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Confederate Memorial and Constitution Oak

1883/1902 (corner of East Main and North Franklin Streets)

 

“This monument means much, though not a soldier sleeps directly beneath its shadow.”

                                                                                                            -Rev. Thomas Hooper, 1891

The Confederate war memorial, a 15-foot obelisk, was dedicated in 1883 to honor Montgomery County’s Confederate soldiers. The inscription, faded by time, reads:

TO THE MEMORY
OF MONTGOMERY’S SONS
WHO FELL IN THE
LOST CAUSE
AND TO
ALL THE CONFEDERATE DEAD
WHO LIE BENEATH HER SOIL.
THIS MONUMENT
IS ERECTED BY HER DAUGHTERS
1861-1865.

 

The Constitution Oak next to the monument was one of forty-five saplings given to the delegates of Virginia’s 1901-1902 Constitutional Convention. The 1902 constitution marked the resurgence of Democratic control of the state, replacing the Reconstruction-era constitution of 1870 and ushering in an era of Jim Crow segregation policies that would shape racial interactions in Virginia until the 1960s. Montgomery County treasurer and Confederate veteran Arthur O. Sullivan planted the tree in 1902. It was saved from a road widening plan by Christiansburg citizens in 1960.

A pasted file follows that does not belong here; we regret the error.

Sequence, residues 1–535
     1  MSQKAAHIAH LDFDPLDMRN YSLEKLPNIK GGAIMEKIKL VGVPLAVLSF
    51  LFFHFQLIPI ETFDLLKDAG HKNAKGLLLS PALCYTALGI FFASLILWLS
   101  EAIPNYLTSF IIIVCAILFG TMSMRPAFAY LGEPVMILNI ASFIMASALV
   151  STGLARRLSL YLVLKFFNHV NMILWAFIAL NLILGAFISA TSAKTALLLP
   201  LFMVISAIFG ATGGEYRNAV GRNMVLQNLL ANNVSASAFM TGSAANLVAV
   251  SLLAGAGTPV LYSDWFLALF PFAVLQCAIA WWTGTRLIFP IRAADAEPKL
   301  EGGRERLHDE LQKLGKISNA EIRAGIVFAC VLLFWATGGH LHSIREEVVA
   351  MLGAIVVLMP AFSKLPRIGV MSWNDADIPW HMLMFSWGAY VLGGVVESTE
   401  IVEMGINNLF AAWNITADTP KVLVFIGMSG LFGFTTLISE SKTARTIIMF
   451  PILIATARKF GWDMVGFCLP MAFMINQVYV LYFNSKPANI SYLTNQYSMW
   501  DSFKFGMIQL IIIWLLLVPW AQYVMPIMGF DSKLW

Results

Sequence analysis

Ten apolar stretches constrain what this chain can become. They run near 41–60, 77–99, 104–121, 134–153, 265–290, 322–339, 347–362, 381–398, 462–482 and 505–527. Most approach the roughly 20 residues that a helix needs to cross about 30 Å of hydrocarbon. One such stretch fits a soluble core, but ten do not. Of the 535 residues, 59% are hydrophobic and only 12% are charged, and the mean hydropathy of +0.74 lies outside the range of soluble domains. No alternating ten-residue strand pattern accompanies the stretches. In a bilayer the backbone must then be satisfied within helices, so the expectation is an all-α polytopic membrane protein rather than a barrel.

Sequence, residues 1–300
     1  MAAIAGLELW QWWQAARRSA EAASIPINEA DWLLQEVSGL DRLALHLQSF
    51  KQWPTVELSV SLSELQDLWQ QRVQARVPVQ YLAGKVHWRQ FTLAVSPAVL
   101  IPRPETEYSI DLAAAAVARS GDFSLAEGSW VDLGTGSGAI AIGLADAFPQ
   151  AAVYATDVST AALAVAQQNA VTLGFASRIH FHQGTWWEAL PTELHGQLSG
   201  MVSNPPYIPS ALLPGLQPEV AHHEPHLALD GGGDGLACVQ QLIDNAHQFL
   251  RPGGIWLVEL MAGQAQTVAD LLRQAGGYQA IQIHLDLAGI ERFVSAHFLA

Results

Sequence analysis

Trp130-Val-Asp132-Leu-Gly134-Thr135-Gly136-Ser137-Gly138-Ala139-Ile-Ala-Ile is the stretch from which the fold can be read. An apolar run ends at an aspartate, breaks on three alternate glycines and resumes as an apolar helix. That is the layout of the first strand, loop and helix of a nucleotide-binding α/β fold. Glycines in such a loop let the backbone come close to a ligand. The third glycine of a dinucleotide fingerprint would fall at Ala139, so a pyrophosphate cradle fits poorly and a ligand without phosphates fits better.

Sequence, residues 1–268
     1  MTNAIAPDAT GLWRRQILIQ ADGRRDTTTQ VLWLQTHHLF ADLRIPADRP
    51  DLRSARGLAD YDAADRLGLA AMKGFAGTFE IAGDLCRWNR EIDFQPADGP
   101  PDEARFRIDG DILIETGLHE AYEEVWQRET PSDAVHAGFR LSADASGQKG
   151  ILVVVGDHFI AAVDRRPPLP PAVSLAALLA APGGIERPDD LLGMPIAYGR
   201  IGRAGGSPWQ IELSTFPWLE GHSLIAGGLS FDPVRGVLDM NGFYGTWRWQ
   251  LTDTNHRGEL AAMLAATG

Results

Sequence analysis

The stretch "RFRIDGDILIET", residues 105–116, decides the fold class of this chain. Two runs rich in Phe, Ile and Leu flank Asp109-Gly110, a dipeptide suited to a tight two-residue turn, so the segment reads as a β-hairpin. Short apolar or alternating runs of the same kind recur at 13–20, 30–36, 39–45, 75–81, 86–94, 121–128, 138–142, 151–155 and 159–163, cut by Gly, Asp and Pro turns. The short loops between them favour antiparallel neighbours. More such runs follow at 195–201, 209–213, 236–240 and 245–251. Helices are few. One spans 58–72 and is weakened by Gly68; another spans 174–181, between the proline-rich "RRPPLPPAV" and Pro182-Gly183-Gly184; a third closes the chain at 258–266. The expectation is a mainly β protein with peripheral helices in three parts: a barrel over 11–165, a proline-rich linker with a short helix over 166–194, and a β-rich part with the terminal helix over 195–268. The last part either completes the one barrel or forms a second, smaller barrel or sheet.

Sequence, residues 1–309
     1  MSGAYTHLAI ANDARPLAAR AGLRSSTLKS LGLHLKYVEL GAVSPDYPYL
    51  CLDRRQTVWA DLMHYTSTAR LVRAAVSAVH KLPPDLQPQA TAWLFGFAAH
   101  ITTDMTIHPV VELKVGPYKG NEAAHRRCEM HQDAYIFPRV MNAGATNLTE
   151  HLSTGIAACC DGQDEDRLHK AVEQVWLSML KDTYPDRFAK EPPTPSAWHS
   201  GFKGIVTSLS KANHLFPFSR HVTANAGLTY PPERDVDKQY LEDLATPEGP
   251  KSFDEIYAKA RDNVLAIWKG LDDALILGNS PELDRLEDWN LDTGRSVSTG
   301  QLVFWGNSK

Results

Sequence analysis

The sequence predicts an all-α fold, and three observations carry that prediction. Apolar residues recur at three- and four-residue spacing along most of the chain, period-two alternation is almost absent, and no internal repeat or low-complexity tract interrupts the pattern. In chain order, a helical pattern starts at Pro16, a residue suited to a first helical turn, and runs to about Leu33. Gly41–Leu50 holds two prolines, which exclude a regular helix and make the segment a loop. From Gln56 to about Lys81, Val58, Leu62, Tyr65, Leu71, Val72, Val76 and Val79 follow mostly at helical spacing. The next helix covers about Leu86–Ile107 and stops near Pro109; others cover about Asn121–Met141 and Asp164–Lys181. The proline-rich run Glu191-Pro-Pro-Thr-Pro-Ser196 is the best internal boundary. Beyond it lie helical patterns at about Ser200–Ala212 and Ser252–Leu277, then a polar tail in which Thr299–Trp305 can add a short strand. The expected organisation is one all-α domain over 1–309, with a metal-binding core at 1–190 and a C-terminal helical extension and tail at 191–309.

Confederate Monument

Members of the county homegroup, including N. V. Correll, G. N. Garnaund, June 3, 1905.

Monument and Bank House

The monument with the old Bank of Christiansburg and the newly-planted Constitution Oak, c. 1912-1915.
(photos courtesy of the D. D. Lester Collection)

 

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